HPAKANT (REUTERS) - Dozens more jade miners killed in a landslide in northern Myanmar will be buried on Saturday (July 4), a local official said, after 77 others were interred in a mass grave on Friday following one of the worst mining accidents in the country's history.
More than 170 people, many of them migrants seeking their fortune in the jade-rich Hpakant area of Kachin state, died on Thursday after mining waste collapsed into a lake, triggering a surge of mud and water.
The miners were collecting stones in Hpakant - the centre of Myanmar's secretive billion-dollar jade industry - when the wave crashed onto them, entombing them under a layer of mud.
Thar Lin Maung, a local official from the information ministry, told Reuters by phone on Saturday that 171 bodies had been pulled out but more were continuing to float to the surface.
He said the 77 buried on Friday had been identified and 39 would be interred on Saturday. Volunteers carried plywood coffins and placed them into a mass grave carved out by diggers close to the mine site.
Many other bodies, battered and stripped of their clothing by the force of the wave that hit them, still have not been identified.
Myanmar supplies 90 per cent of the world's jade, the vast majority of which is exported to neighbouring China, which borders Kachin state. Deadly landslides and other accidents are common in the mines, which draw impoverished workers from across Myanmar.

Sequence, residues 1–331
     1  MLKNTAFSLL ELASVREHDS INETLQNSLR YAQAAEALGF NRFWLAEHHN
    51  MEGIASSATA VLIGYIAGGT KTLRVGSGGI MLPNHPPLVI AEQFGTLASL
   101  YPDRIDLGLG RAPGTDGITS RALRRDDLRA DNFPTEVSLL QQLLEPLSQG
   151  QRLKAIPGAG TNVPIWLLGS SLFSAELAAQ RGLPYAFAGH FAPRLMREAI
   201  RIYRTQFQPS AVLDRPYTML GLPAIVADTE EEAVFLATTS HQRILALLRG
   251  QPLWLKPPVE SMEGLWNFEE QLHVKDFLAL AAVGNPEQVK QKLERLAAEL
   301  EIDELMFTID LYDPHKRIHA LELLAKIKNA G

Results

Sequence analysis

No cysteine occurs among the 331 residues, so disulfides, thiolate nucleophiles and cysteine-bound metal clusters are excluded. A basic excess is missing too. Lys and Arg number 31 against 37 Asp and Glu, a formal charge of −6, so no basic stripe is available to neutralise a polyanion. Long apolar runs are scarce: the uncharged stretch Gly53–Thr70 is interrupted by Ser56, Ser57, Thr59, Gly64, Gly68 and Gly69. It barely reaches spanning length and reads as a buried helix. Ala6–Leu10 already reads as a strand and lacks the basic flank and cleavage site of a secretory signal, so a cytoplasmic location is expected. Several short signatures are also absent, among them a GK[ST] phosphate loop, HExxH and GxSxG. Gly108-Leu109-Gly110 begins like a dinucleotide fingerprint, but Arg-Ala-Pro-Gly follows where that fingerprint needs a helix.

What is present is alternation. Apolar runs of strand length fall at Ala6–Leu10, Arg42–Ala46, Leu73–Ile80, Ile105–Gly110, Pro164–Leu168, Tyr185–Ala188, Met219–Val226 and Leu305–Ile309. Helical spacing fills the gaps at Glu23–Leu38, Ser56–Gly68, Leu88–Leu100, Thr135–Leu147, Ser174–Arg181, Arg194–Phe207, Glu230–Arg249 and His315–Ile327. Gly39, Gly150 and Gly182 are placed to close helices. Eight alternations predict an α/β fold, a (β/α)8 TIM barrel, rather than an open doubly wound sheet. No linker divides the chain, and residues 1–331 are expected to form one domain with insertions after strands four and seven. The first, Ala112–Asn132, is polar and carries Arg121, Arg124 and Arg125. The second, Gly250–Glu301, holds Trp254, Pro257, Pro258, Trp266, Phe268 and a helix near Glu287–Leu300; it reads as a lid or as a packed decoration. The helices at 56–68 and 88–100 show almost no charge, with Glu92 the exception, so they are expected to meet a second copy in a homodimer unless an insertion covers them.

About 100 people were killed in a 2015 collapse that led to calls to regulate the industry. Another 50 died in 2019. But Thursday's landslide was the worst in memory.
The country's leader, Aung San Suu Kyi, on Friday blamed the disaster on joblessness in the country, lamenting in a Facebook Live broadcast that informal workers had to go to the mines for lack of other employment.
The government announced the formation of a committee to investigate the disaster.
However, activists say little has changed in the industry despite a pledge from Suu Kyi's government to clean it up when she took power in 2016.
Rights group Global Witness said in a statement the landslide was a "damning indictment of the government's failure to curb reckless and irresponsible mining practices."
"Neither a promised new gemstone law, passed by Parliament in 2019, nor a gemstone policy that has been in production for several years have yet been implemented," the statement said.
The rights group says the trade is worth billions of dollars a year, funds it says fuel armed conflict between government troops and ethnic Kachin rebels fighting for greater autonomy for the region.